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1999 Ford Mustang GT - Sharpie Masterpiece
It took a wild imagination, a creative artist, 12 sharpie markers, and over 70 hours to transform this mustang from mundane to masterful
Trevor Jackson of Middletown, Maryland, has always been a fan of white cars. So when this '99 Mustang GT came across his computer screen in June 2011 at an incredibly low price, Trevor jumped at the chance to make it his own.
"I've owned a bunch of Fox-bodies, and that's what I was looking for originally, but it was outrageous what people were asking for them," says Trevor. "I've always dreamed of owning an '03 Cobra," he explained, but with four small boys, the price tag on a Cobra just wasn't manageable. "When I saw this car, it had all kinds of potential. It was super-clean and I knew it would be a good starting point."
Trevor is no newbie to the Mustang game. His previous Pony was a 9-second '92 coupe. Unfortunately, when the economy fell apart, Trevor fell on hard times and had to sell his beast.
Starting fresh with his new GT, he decided to go a different route. Trevor wanted a car he could drive to shows comfortably with his wife and sons—unlike his coupe, which was outfitted with a full rollcage—so this Mustang is just a little more low-key in the power and protection department.
The 4.6-liter Two-Valve engine is boosted with a Kenne Bell 2.1 intercooled supercharger producing 9 psi. JBA shorty headers carry exhaust through a UPR X-style mid-pipe and Borla Stinger mufflers to make the beast growl. Tim at Rodeheaver's Hot Rod in McClellandtown, Pennsylvania, tuned the car, which now puts down a sweet 424 hp to the wheels and 487 lb-ft of torque. Strange Engineering shocks and struts, along with Eibach springs, make the Pony ride smooth, while Maximum Motorsports subframe connectors keep the chassis stiff.
But obviously, this Mustang's power and performance are not what make it unique. "There are only so many appearance modifications available for Mustangs. I wanted to build something outside the box, because when you go to a show, a lot of cars look the same, just in different colors," Trevor says.
One day while flipping through the local newspaper, he came across a story of a local artist who had customized a Cadillac and a Pontiac using Sharpie markers. Impressed by what he read, Trevor began toying with the idea of having his Mustang customized in the same way. He eventually got in touch with Chris Dunlop—or Pinstripe Chris, as he is widely known—and that's where it all began.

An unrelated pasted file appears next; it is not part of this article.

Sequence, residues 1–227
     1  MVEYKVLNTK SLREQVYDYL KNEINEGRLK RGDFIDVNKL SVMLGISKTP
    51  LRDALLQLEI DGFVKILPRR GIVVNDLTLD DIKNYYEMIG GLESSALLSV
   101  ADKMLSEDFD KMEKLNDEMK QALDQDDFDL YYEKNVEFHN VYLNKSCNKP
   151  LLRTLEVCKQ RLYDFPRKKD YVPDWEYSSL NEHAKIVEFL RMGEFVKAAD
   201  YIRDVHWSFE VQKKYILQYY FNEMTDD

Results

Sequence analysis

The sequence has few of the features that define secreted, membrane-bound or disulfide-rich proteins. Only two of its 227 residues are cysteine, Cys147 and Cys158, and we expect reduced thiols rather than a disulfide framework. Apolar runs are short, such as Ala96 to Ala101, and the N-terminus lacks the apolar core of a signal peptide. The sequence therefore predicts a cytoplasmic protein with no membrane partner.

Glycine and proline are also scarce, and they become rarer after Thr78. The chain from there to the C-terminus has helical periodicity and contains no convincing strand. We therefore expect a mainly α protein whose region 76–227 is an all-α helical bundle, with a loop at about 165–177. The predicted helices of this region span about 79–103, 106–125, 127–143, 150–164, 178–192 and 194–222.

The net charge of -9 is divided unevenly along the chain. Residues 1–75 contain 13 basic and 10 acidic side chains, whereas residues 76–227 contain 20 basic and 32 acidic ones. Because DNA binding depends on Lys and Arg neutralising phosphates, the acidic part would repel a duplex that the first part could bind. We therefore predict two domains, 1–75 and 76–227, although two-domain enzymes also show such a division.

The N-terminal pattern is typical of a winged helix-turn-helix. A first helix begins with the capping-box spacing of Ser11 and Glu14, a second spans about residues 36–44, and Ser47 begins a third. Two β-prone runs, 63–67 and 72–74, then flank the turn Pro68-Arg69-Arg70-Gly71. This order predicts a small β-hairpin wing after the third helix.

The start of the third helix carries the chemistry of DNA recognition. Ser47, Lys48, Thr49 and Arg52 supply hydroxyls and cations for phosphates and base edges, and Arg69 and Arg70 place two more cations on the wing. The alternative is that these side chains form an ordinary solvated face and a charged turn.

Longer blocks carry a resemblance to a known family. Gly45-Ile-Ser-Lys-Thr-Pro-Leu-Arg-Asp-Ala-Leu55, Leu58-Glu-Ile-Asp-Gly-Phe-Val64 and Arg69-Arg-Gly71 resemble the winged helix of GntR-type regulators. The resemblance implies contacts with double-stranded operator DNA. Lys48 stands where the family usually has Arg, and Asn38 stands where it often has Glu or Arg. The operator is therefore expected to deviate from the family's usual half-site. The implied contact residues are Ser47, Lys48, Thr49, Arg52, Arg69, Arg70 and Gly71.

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At first, the plan was for Chris to freehand Sharpie designs onto just the C-pillars and roof, but upon completion, Trevor wasn't convinced the car looked "finished." The pair agreed the artwork should stretch onto the Kaenen Cobra R-style hood and Saleen spoiler. According to Trevor, twelve Sharpies were used for over 70 hours of work—not because they would run out of ink, but because the points would get dull.
More than satisfied with his Pony's new art, Trevor added some finishing touches, including '03 Cobra front and rear bumpers. Painter Hunter Nester of Keedysville, Maryland, shaved the bumpers smooth and void of lettering. Trevor also purchased iForged Classic three-piece wheels, He had Sam at Tint & Sound Customizing in Frederick, Maryland, tint the windows and install a Memphis Audio stereo system.
"Shortly after the Sharpie art was completed, my wife, Donna, and I drove the car to Ocean City, Maryland, for the annual rod run," Trevor told us. "It rides great and always makes me want to dive into the corners. It even gets good gas mileage as long as I keep my foot out of it."
So what's next for Trevor and his GT? As busy as he is with his young sons—Jacob, Aiden, Carter, and newborn, Camden—Trevor still hopes to make it to the track with his Stang in the very near future to see some quarter-mile times. The car is in need of a new transmission, as the current Tremec T-45 isn't holding up well under the new strain of the supercharger, but Trevor says he'll get to it eventually. "I'm just going to enjoy it and see how fast it can go until it explodes," he says.
After all, as Trevor reminds us, "It's all about the fun of the build." We agree.